# Determining the Surface Area of a Solid of Revolution

## Key Questions

• First of all, you are missing a bound. We will assume that the other bound is $y = 0$ or the $x$-axis. The answer is $\frac{15 \pi}{2}$.

The first step is to determine whether you are rotating along an axis that is parallel to the independent axis or the axis of the parameter ($x$ in this case). And we are not, so this integration should be done with cylindrical shells.

Always draw a diagram to verify what is the parameter and what is the function.

You should note that $y$ is not always a parameter of $x$. For instance, $x = {y}^{2}$, $x$ is now a parameter of $y$.

The formula for cylindrical shells is:

$V = {\int}_{a}^{b} 2 \pi r h \mathrm{dr}$
$h$ is represented by $y$, we have $y = {x}^{2}$ and $y = 0$
$r$ is represented by $x$
$V = {\int}_{1}^{2} 2 \pi x \left({x}^{2} - 0\right) \mathrm{dx}$

Now that the substitutions are done, we can solve:

$V = 2 \pi {\int}_{1}^{2} {x}^{3} \mathrm{dx}$
$= 2 \pi \frac{{x}^{4}}{4} {|}_{1}^{2}$
$= 2 \pi \frac{\left[{2}^{4} - {1}^{4}\right]}{4}$
$= \frac{15 \pi}{2}$

• The answer is $\frac{\pi}{2} \left[{e}^{2} - 1\right]$.

Since you are only given a single function and we are rotating about the axis of the parameter, this requires the disk method. The disk method is:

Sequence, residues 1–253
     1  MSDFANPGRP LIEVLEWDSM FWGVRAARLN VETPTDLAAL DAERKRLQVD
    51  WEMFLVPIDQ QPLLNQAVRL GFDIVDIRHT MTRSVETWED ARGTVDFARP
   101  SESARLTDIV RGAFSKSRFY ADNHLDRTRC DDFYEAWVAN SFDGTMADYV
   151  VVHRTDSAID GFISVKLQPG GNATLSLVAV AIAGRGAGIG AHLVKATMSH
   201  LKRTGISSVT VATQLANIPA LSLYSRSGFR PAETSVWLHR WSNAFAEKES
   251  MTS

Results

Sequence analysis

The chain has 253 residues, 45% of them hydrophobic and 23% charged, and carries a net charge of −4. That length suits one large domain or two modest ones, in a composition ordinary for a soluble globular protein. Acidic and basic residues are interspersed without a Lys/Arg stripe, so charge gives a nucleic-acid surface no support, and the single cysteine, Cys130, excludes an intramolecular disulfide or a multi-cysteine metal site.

$V = {\int}_{a}^{b} A \mathrm{dx}$
$= {\int}_{a}^{b} \pi {r}^{2} \mathrm{dx}$
$= {\int}_{a}^{b} \pi {\left[f \left(x\right)\right]}^{2} \mathrm{dx}$

We have the known values:

$f \left(x\right) = {e}^{x}$
$a = 0$
$b = 1$

And now we can substitute:

$V = {\int}_{0}^{1} \pi {\left({e}^{x}\right)}^{2} \mathrm{dx}$
$= \pi {\int}_{0}^{1} {e}^{2 x} \mathrm{dx}$
$= \pi \frac{{e}^{2 x}}{2} {|}_{0}^{1}$
$= \frac{\pi}{2} \left[{e}^{2} - {e}^{0}\right]$
$= \frac{\pi}{2} \left[{e}^{2} - 1\right]$

• If the solid is obtained by rotating the graph of $y = f \left(x\right)$ from $x = a$ to $x = b$, then the surface area $S$ can be found by the integral

$S = 2 \pi {\int}_{a}^{b} f \left(x\right) \sqrt{1 + {\left[f ' \left(x\right)\right]}^{2}} \mathrm{dx}$